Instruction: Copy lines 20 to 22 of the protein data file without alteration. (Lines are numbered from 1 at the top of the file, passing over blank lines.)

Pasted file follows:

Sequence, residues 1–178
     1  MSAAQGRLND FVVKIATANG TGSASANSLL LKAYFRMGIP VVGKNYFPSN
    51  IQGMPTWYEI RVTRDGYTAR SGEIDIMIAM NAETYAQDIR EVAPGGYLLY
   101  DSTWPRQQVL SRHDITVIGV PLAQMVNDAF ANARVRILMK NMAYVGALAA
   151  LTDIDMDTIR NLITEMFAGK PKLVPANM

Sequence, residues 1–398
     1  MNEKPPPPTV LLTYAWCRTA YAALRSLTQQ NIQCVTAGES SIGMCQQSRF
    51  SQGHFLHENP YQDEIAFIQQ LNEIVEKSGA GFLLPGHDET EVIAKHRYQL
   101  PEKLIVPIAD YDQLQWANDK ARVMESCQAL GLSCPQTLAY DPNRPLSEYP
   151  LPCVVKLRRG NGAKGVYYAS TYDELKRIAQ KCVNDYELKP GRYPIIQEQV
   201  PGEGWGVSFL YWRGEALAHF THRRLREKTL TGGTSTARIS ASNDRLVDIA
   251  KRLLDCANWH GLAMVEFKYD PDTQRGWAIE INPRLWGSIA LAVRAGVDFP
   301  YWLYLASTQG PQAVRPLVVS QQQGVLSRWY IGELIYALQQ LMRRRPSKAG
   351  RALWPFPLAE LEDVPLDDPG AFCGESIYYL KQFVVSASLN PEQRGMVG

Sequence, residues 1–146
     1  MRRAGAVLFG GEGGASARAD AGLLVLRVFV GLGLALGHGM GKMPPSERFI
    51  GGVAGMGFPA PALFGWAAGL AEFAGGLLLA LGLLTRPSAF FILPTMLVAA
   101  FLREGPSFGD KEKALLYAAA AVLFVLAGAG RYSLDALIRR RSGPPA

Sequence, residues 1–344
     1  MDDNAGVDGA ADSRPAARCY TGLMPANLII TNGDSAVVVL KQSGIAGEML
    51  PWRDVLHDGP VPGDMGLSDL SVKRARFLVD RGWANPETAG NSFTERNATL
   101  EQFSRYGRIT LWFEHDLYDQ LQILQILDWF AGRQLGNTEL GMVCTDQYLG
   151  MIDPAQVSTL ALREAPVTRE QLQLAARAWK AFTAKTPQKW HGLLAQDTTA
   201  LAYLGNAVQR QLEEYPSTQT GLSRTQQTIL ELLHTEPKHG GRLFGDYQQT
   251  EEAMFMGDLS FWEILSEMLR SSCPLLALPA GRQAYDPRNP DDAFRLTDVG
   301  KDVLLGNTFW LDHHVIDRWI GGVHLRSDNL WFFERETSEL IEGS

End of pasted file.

     1  MDDNAGVDGA ADSRPAARCY TGLMPANLII TNGDSAVVVL KQSGIAGEML
    51  PWRDVLHDGP VPGDMGLSDL SVKRARFLVD RGWANPETAG NSFTERNATL
   101  EQFSRYGRIT LWFEHDLYDQ LQILQILDWF AGRQLGNTEL GMVCTDQYLG